With EU and US sanctions lifting, Iran is back in business. Possessing the fourth largest oil reserves in the world, the state is ready to step up their game and increase their exports to the West – with a multitude of foreign companies rushing to make appointments. However, with Iran’s outdated infrastructure and the current price of oil, does this potential new market represent excessive risk or a golden opportunity?
At the end of September Tehran opened the door of the very first European trade office to be established since the announcement Iranian sanctions were going to be lifted. At the same time a 130 strong delegation from Medef, the French business lobby group, arrived with the hope of tapping into the demand of the country which has been isolated for so many years.
And that’s only one of the many delegations booking flights into Tehran as the Iranian oil rush gets underway. ABC News reports that officials are struggling to schedule all the meetings requested by visiting companies.
Despite the low price of oil, struggling to lift itself beyond $50pb, and the knock on effect it has had on projects, Iran is being marketed as a country able to attract that investment which has dried up elsewhere. “The oil market is moving in a very unpredictable direction right now but there are big opportunities,” said a former National Iranian Oil Company official. “Investors are interested because of the potentials and the cost will be cheaper than elsewhere.”
Iran is estimated to have the fourth largest oil reserves in the world and 18% of the world’s gas reserves but years of sanctions impacting on investment and technology means Western buy-in will be crucial. Improvements to the country’s infrastructure will also be necessary where there is currently a situation where gas fields in the south are not linked with the more populous north so the demand is met instead by bringing in gas from Azerbaijan and Turkmenistan.
The Iranian Oil Ministry is taking a proactive approach to drawing it in by creating the Iran Petroleum Contract. The NIOC summit which is likely to be postponed now until February (from initial date of 14-16 December) will share more details about the IPC but it will cover a range of projects including green and brownfield development, exploration and EOR/IOR located both offshore and onshore in the upcoming bid round.
Iran predicts it will be able to increase its oil exports by 500,000 barrels a day by the end of next month, and 1 million within a year. The Chief of Investment for the NIOC Ali Kardor told the Wall Street Journal, “We are ready.”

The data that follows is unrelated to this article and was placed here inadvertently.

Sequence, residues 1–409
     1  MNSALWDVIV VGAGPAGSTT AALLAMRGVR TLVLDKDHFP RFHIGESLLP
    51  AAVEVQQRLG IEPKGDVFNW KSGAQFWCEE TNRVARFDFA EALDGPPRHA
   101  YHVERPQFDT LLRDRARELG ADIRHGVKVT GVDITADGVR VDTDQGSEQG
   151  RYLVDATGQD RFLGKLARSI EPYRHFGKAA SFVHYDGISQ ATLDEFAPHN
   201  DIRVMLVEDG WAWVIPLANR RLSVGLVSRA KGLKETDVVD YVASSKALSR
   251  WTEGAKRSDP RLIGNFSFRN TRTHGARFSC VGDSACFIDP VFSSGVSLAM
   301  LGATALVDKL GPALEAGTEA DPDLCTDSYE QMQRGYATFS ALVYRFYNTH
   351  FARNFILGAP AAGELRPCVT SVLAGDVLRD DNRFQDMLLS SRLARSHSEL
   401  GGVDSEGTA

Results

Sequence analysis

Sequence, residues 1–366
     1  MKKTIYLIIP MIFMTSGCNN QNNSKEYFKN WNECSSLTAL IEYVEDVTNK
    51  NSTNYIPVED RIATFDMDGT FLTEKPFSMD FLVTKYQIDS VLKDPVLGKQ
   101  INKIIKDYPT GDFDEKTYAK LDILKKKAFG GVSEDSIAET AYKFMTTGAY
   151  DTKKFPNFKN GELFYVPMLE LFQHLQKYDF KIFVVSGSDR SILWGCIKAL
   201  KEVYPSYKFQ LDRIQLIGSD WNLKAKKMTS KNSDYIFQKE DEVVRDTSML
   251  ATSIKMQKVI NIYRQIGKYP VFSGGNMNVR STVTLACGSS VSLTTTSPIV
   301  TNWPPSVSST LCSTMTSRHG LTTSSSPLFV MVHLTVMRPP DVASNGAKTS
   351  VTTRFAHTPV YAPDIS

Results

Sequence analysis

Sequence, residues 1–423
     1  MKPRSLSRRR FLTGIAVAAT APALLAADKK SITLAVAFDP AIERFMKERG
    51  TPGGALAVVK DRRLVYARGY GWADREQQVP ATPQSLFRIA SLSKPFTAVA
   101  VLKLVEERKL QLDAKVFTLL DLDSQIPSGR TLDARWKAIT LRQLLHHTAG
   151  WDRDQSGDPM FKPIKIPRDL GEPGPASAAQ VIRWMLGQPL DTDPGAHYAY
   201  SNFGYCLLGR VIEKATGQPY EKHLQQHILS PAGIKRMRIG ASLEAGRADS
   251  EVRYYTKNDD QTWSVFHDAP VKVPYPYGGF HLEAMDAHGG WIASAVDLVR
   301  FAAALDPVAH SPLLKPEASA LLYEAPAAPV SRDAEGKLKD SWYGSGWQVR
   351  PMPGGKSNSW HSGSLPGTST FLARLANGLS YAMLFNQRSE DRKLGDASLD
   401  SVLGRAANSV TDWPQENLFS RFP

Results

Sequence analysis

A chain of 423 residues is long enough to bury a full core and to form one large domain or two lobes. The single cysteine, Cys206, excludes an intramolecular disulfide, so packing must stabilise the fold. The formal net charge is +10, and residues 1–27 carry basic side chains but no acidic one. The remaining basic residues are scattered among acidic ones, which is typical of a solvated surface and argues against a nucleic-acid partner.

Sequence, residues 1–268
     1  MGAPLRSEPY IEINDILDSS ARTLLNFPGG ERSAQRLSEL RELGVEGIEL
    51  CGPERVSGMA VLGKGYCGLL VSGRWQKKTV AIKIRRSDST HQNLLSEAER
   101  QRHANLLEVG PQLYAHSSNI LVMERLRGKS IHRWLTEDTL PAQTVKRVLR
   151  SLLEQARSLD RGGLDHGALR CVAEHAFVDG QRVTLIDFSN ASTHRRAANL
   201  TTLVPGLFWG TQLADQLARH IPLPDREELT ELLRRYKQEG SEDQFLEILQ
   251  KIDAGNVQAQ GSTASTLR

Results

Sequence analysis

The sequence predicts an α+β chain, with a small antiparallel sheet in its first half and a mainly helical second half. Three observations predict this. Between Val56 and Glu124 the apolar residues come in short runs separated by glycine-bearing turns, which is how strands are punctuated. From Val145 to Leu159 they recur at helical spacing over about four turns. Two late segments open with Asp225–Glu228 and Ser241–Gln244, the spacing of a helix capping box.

But is the market? Iran currently produces just over 3 million barrels of oil a day, and of that around 1 million are exported. For it to break even a recent Deutsche Bank survey reported it required prices of $130pb, with Saudi Arabia and Russia not too far behind that at $105pb. The prospect of increasing supply into an already saturated market is alarming some. “With Iran coming back, Saudi Arabia not cutting any production and all the macroeconomic concerns around, there is a high risk we could have nasty downward move by the end of the year,” according to Doug King, chief investment officer at RCMA Asset Management. He told The Journal that is a possibility that oil could fall into the low $30s. “Prices will then stabilize but remain lower for a longer period.”
To reach export levels of 3 million industry experts estimate it would require $100b in investment which creates quite the predicament, and could be one reason why the IPC gives back high reward for high risk. Without that new money and expertise coming in, there’s no dramatic increase in oil production – but the global price is not so directly threatened. Take the chance, buy into a 30 year contract to produce oil and without a decision to row back from OPEC, send it into the market which causes prices to sink further – but how long could that last for before it picks up again?
The next months will be a test for the players in the market but as the veteran Las Vegas gambler VP Pappy once said, “If you ain’t a little scared when you enter a casino, you are either very rich or you haven’t studied the games enough.”